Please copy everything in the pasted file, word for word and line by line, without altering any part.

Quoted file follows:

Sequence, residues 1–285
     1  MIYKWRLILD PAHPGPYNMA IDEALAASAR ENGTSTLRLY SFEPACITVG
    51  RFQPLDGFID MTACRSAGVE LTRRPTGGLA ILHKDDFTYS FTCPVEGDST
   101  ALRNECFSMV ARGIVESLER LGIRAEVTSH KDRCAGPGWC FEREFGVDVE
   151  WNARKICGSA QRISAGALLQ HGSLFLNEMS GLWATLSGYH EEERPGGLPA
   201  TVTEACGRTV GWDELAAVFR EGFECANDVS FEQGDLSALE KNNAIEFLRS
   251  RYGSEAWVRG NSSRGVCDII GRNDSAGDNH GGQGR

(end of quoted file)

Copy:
Sequence, residues 1–285
     1  MIYKWRLILD PAHPGPYNMA IDEALAASAR ENGTSTLRLY SFEPACITVG
    51  RFQPLDGFID MTACRSAGVE LTRRPTGGLA ILHKDDFTYS FTCPVEGDST
   101  ALRNECFSMV ARGIVESLER LGIRAEVTSH KDRCAGPGWC FEREFGVDVE
   151  WNARKICGSA QRISAGALLQ HGSLFLNEMS GLWATLSGYH EEERPGGLPA
   201  TVTEACGRTV GWDELAAVFR EGFECANDVS FEQGDLSALE KNNAIEFLRS
   251  RYGSEAWVRG NSSRGVCDII GRNDSAGDNH GGQGR